Critics About Mateiu Caragiale

"He was more of a unsociable person, a loner, he seemed sullen and morose. Only among his friends he would become again the father of eloquence and paradox." Eugen LOVINESCU "There was no one in the house of the great loner but me. From time to time, an old lady with big eyes, looking rather scared would walk through the hall which led to his room, she walked silent and quickly as a shadow. I assumed that she was his wife Marica, but I've never been introduced to her. Sometimes, when I came to call on him, I saw in his room some odd looking creature. Old people, strange looking as if they have descended from ancient paintings – my stirred imagination might have contributed to this impression, under the influence of a repeated reading of Craii de Curtea-veche (Old-Court Philanderers) – still I remember this tall man, with a Roman nose, a peculiar mixture of humility and stateliness. When he was introducing people, their names didn't tell me anything, they were not at all resonant. I have never met more than a single guest at him." "The evenings were sometimes painfully short for me. On the contrary on other occasions, he was in a good mood with a twinkling light in his eyes – the only thing that betrayed this cheerfulness – and then he would lay before me a little carafe containing a carefully chosen drink and a glass of chiselled metal. He never drank anything, he just watched me sipping my drink, with a calm light bathing his entire face, with inquisitive eyes, without any severity still with that lucid depth characteristic to all connoisseurs of the human soul… Those were the richest nights. His good disposition was flowing in long monologues, without grandiloquence, but full of warmth and profound human simplicity, which contradicted everything, I have ever heard about his personality, considered being among the strangest. Those were the confessions of a kind and timid loner, whom life had badly hurt and who had found the ultimate refuge and the supreme comfort in his art."Ovidiu PAPADIMA, 1932 "What genre do Mateiu I. Caragiale and his prose belong to? More to the surrealist group. His affinity with Edgar Poe, his care for the authentic which brushed any fancy aside, the colour of his sky turned red, the dream-like bustle, his reaching down to the ineffable ancestral element, liken the writer to Ion Vinea, to Ion Barbu, generally to poets of the obscure backdrop."G. CĂLINESCU, 1941 "The elaboration and publication of Old-Court Philanderers underwent a long and complicated process. The first draft of the novel is as old as 1910. The first part of the novel, 'Welcoming the Old-Court Philanderers,' was written in a primary form in 1916, 1918 and 1919 and then certain details were modified. The second part, 'The three pilgrimages,' was written as follows: in 1919 the episode of Pashadia and Pirgu entering the restaurant, in 1920 the story of Pantazi's journey around the globe and in 1921 Pashadia remembering the old days. The third part of the novel, 'Confessions,' was partly written in 1922; Pantazi's confession was finished on December the 24th 1924 and Pashadia's on August the 4th 1926. Ultimately, the fourth part 'The sunset of Old-Court Philanderers,' was finished in 1927. The novel appeared in instalments in Gandirea magazine between 1926-1928 and it was printed in full in 1929." "Mateiu I. Caragiale wanted to write a trilogy, the first one being Old-Court Philanderers. The second novel was supposed to be 'Under the Seal of Mysteries' and he publishes some fragments in Gandirea between December 1930 and April 1933. Unfortunately the novel remained unfinished. The third novel of the trilogy also remained at the stage of a mere project, 'The Council of Dowdy' whose initial title was 'The School of Dowdy.' The first and only page that was recovered in three variants was written in January 1929. "Mateiu I. Caragiale didn't have enough time to complete his masterpiece. He died on January the 17th 1936 at the age of 51. "He attained the literary glory, which he dreamt for with the publication of Old-Court Philanderers, glory more precious and more powerful than nobility titles, glory that was consolidated by the appearance of his Works, wonderfully put together by Perpessicius, glory that kept on growing for posterity."Teodor VÂRGOLICI, 1970 "While in Berlin, Mateiu was probably in contact with E.T.A. Hoffmann's fantastic stories, Chamisso and apparently Novalis's symbolist novel Heinrich von Ofterdingen. These readings completed the refined ideas he gathered from the works of Edgar Poe, Viliers de l'Isle Adam, Barbey d'Aurevilly, Oscar Wilde and Baudelaire." "Besides his French symbolist knowledge that he acquired until then, while in Berlin it is very likely that Mateiu Caragiale became familiarised with a series of romantic writers, to whom he felt linked by visible temperamental affinities. It's not only an influence that these writers had upon him, we have to underline in this case the presence of certain similarities and parallels, which don't steal away anything from the originality of the Romanian author. Heinrich von Ofterdingen and Pantazi are very similar. Novalis said about Heinrich: 'Verlor sich allmächtig in süsse Fantasien' (He got lost in sweet fantasies without posing any resistance), Pantazi characterised himself as being: 'An impenitent dreamer, forever drawn to what is far and mysterious.' Pantazi's voice, wailing and singing like a bell in an ageless sunset, is so much like the hidden tonality, the shies from Novalis's prose and hymns. Pantazi's confession shows him to be in the same spiritual constellation, as Heinrich, as Senancour's Obermann, like des Grieux from Manon… or like Werther: 'My soul has always been cobwebbed by that light melancholy of sensitive people, so sensitive that even soft touching makes them suffer, even pleasure hurts them. Long before I read Lucretio, I had realised that delight gives birth to something extremely bitter, something that hides in the lovely smell of flowers.'" "It's not the triumphant and Promethean romanticism of Byron, Shelley or Hugo; it's the dusky hypostasis of the genius, ill with sadness, withdrawn in the chambers of dream and fantastic illusion. Under the spell of dream Pantazi gives away 'the whirlwind of hallucinations.' His dream is more like a journey back in memory, over mountains and countries, annihilating space just like the giant run around the world of Peter Schlemihl from Chamisso's story. "The autumn landscape touched by a hint of symbolism, is more a romantic one, like a Böcklin painting. Then as in Novalis's novel, the hypnotic power of the moon unleashes the delirious state of dreaming: 'The tinsel of the moon glowed over old little sleeping towns; playful blazes were lighting up the marshes.' "The world is looked at from above in a panoramic way, just like Eminescu's First Epistle. His comments have a moralist edge, so we can feel the expressionist theme of the Sodom city cultivated by Trakl, Sorgel, Heym, Stadler, Blaga or Vinea: 'The torrent of light was polishing the mud of the great metropolis, turning the fog above them in a giant measles. I could run away fast from their smog and their mustiness....' Like Vinea in the poem Ev (Age), like Blaga in Veac (Century), where the end describes a return to nature on the threshold of the eternal mountains, Mateiu Caragiale continues through his character: '…on the horizon the snow of the summits was beading in the twilight. And we left to find the steep dizziness of the peaks, we left behind flowery clearings, we climbed through pine forests, drawn by the whispers of the streams spread around underneath fern plants, we climbed, drunk because of the strong air, we climbed higher and higher. Under our feet, between bald slopes and mounds covered by thick woods, the valleys lay along the meandering rivers, which disappeared far away in the steam of the plains. A long murmur rose like a prayer. We watched the flight of eagles above the black precipices, in the peace of the endless solitude, and at nights we felt we were closer to the stars.' This description is wide, as a cosmic psalm dedicated to mother nature, like Rousseau's invocations or Hölderlin's. Then the sliding south follows, a romantic vision of a traveller to the exotic land of the east: '…in the lands that bare sweet names, where autumn lingers on until spring, where everything, suffering, even death, takes the face of voluptuousness.' "The exact proportions, the European geometric harmony, that incapacity of the Greek spirit to grasp the un-Euclidean dimensions, appear in a fierce light there under the Orient sky: 'I used to forget about Europe, everything I have admired about her seemed so small and insignificant now.' The measures are all different, the norms are turned upside-down by that thirsty aspiration to something more deep. To the romantic dream he adds the symbolist element (most likely Baudelaireian from Artificial Paradises) the exciting smell of flowers, drugging yourself by inhaling primitive poppy seed smoke and hemp that stirs the imagination." "People haven't noticed that, in Old-Court Philanderers, Mateiu Caragiale is one of the greatest poets in out literature in making the strange character of Pantazi. And it's not just mere poetry. A Dionysiac ecstasy tumbles down like a ball of fire, like the sun at twilight in the ocean. Of course we can't know for sure, but I'm inclined to believe that Mateiu knew about the incantations in Les Chants de Maldoror. He must have come in contact with the work of Lautréamont, because he read so tirelessly French authors and also because he was a fan of the Gaelic style. He must have found affinities in Ducasse and in his social appetite to lend his songs to a nobleman, the imaginary count Maldoror. It's impossible for Mateiu not to have been fascinated by he extraordinary stylistic virtues of the text while reading this. My assumption is also sustained by the fact that after 1910 the name of Lautréamont became rather famous with the help of some authors such as: Valéry Larbaud, Max Jacob, Léon Paul Fargue. After 1914, through the shocking ideas of the surrealist trend led by Breton, his work is even more popularised. Most of all not the external data of Mateiu's creation, but the style and the deep tone of Pantazi's confessions represent powerful arguments for this assumption. The connection between Mateiu and Lautréamont still remains a very significant parallel." "The images of Pantazi's delirious trance, in their entire structure and aesthetics are situated next to Heinrich von Ofterdingen's dream. Unlike Heinrich, through contemplation and anti-Faustian attitude, Pantazi, avoiding conflicts even while dreaming, is an exemplary person in which the soul is at its purest. He is also helped by his heredity: he has a father crowned by sunset, while Heinrich's father was a rational spirit who often stated: 'Die Träume sind Schäume…' (Dreams are only foam)." "Just as Hoffmann's monk Medardus witnesses the appearance of a new person within himself, what Musset used to call a symbolic twin brother, the same thing happens between Mateiu Caragiale and Pantazi, except for the fact that in their case there is no demonic passion. Pantazi's dreams don't have a satanic nature, neither do Pasadia's memories. They aren't driven forth by a demonic power like the characters of Chamisso, E.T.A. Hoffmann, Goethe or Poe, they practice a school of dream, aesthetics as the hero of Novalis. Their internal twilight, the refuge in dreams as in a ultimate harbour, is determined by social-historical causes, by that inexorable punishment Balzac witnessed and then nostalgically analysed: the death of a family tree, the collapse of certain Usher houses, the disintegration of a social class – aristocracy, feudal nobility. Mateiu looks at this agony with a romantic eye, full of tears, making the candle shiver with his shies. The Romanian author admits that he had met certain people for whom he felt an intimacy, which led to touching, tender feelings, writing for them small novels. Among these he finds himself in Aubrey de Vere from Remember and in Pantazi, as 'another himself.'" "In finding some key characters from Mateiu Caragiale's work, the case of Proust seems eloquent. In general, in these kinds of circumstances, the assumptions must be made with a lot of care and attention. The character is never mistaken for a real person. Proust confessed in a letter that the supposed keys existent in his writings 'only fit for one second.' This means that by turning a key the author passes through many living prototypes. Every degree can have the name of a certain person, the circle closes and contains all these anonymous people who became characters, and they can only now be called: Pashadia Magureanu, Pantazi, Gore Pirgu or Masinca Dringeanu. In an extremely long letter from May 7th (1908), Barbu Cioculescu tries to discover the prototype of Pantazi under the appearance of an original Sturdza, friend with the sultan in Dieppe, described as an intelligent man, but nocturnal and mysterious, running some business I haven't insisted on finding out. (…) He lived in Bucharest 20 years ago and then he disappeared; now he came back again. What people! What times!" "The true Petronian banquet takes place only at Arnoteni, impoverished aristocrats full of vices and who have in them the remnants of an old noble family. In their house turned into a gambling and party place, all the rascals meet: Poponel – a pederast diplomat, Raselica Nachmansohn – a Balzacian courtesan, but through her oriental instinctually she's more of a master of vice, more unscrupulous than the easy women of Paris from Lost Illusions, Masinca Dringeanu – intelligent dowdy hunting for sensations and of course – the buffoon of the parties, the mean page, Gorica Pirgu." "In an Europe where feudal privileges had disappeared, where thousands of coat of arms had been buried and forgotten, between the two wars – one whose echo was still roaring, the other which was waiting to come with all its monstrosities – Mateiu Caragiale 'comte de Karabey,' what he called himself in a letter, thought it wisely to put up in front of his mansion in Sionu the green and yellow flag, even making a coat of arms with angels and a crown, under which it was written: 'cave, age, tace,' his slogan – 'beware, work, shut up.' This was an innocent game, which made him happy. This flag was a dream blown by the wind as a utopian light in the stormy night. "It was, without his wish, a mourning scarf for the sunset in his works, from the stories where we see terrible social destruction, a real historical process. "Sewn with silver string, Mateiu Caragiale's great coat of arms lies in his heart, which spoke the language of the cherubim-kings, poet-brothers with Eminescu. "It was almost sunset, the black cheetah died down on the golden shield… Giuseppe Lampedusa was wrong when he thought prince Salina was the last 'Cheetah.' Pantazi was the last one."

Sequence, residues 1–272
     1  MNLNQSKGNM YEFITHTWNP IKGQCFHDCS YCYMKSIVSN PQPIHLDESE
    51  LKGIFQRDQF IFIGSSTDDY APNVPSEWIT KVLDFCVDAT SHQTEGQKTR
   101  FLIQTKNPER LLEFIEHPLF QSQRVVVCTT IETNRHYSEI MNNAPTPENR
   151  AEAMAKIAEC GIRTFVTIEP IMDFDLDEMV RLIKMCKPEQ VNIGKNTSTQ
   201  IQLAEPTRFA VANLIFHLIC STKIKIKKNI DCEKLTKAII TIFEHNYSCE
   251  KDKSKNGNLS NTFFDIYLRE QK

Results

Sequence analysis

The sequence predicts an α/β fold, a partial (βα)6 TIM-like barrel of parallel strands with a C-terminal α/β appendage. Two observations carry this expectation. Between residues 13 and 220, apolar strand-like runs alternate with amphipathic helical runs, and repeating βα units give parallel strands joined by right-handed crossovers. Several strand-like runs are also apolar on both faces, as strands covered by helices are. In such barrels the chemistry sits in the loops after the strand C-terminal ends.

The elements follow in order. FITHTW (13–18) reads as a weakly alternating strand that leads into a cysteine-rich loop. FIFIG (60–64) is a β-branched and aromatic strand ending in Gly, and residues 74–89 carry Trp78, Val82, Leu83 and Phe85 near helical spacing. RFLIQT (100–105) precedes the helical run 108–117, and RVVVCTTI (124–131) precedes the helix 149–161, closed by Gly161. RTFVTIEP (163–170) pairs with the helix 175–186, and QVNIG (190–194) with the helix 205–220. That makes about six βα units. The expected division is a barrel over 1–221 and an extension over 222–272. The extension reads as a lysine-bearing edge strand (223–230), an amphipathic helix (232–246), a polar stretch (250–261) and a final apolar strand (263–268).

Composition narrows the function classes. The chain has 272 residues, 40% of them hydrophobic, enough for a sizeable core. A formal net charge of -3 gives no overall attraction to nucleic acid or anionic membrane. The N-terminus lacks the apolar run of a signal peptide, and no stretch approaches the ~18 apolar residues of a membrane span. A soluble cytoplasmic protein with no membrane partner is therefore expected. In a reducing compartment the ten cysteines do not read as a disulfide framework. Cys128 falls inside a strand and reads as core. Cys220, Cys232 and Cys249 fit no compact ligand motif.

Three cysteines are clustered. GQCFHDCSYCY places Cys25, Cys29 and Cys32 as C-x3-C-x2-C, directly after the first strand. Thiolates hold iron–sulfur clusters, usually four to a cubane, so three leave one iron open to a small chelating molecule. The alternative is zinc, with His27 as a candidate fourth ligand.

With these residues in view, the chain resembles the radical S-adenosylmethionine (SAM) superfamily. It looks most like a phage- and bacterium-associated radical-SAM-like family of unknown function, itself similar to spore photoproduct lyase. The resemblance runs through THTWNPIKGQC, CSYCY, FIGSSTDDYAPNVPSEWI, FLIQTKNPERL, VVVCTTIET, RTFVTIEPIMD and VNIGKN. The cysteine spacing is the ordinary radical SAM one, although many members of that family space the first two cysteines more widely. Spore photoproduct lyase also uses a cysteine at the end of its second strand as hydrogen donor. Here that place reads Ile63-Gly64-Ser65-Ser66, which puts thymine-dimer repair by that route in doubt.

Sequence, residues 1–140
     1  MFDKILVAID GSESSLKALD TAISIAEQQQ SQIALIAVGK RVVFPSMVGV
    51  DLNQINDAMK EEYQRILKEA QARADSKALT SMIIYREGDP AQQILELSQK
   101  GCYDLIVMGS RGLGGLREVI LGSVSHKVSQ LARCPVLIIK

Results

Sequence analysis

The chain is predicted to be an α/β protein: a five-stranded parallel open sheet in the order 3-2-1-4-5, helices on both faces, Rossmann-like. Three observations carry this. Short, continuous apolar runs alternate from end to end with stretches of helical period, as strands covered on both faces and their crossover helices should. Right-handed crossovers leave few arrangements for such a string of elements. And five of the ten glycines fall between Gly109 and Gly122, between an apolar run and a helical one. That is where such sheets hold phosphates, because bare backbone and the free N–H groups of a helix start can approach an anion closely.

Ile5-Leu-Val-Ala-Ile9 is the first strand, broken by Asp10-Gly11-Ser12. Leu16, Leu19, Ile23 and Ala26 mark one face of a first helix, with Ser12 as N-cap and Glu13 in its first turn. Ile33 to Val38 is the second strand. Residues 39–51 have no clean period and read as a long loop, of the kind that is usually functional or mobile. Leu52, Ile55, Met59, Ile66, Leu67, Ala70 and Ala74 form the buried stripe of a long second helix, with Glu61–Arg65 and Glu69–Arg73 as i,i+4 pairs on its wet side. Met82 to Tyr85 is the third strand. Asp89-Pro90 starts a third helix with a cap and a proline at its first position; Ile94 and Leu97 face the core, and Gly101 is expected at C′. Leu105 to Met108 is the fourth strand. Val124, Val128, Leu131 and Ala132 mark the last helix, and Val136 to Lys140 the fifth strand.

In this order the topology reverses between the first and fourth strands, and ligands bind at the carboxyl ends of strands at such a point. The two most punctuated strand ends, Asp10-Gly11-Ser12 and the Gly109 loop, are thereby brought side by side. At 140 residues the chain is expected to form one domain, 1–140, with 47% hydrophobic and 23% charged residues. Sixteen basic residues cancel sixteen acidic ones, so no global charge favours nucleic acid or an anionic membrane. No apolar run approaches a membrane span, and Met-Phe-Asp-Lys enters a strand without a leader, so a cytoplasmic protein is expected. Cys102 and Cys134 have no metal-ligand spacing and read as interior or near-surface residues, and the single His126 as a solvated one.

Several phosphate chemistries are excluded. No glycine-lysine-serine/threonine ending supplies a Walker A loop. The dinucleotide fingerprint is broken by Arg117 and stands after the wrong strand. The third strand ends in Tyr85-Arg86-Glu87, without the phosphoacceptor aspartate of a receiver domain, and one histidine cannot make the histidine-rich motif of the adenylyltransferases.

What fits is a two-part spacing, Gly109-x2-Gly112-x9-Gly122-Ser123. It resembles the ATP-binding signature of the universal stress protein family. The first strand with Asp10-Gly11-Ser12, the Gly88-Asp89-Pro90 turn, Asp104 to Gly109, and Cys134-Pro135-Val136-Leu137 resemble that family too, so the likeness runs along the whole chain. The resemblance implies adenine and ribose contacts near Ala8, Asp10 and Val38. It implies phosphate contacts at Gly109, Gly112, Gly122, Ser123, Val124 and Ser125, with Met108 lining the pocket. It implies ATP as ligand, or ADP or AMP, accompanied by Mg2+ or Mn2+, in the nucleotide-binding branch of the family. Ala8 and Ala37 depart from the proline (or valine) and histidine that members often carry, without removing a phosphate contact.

Mircea VAIDA, 1975

by various critics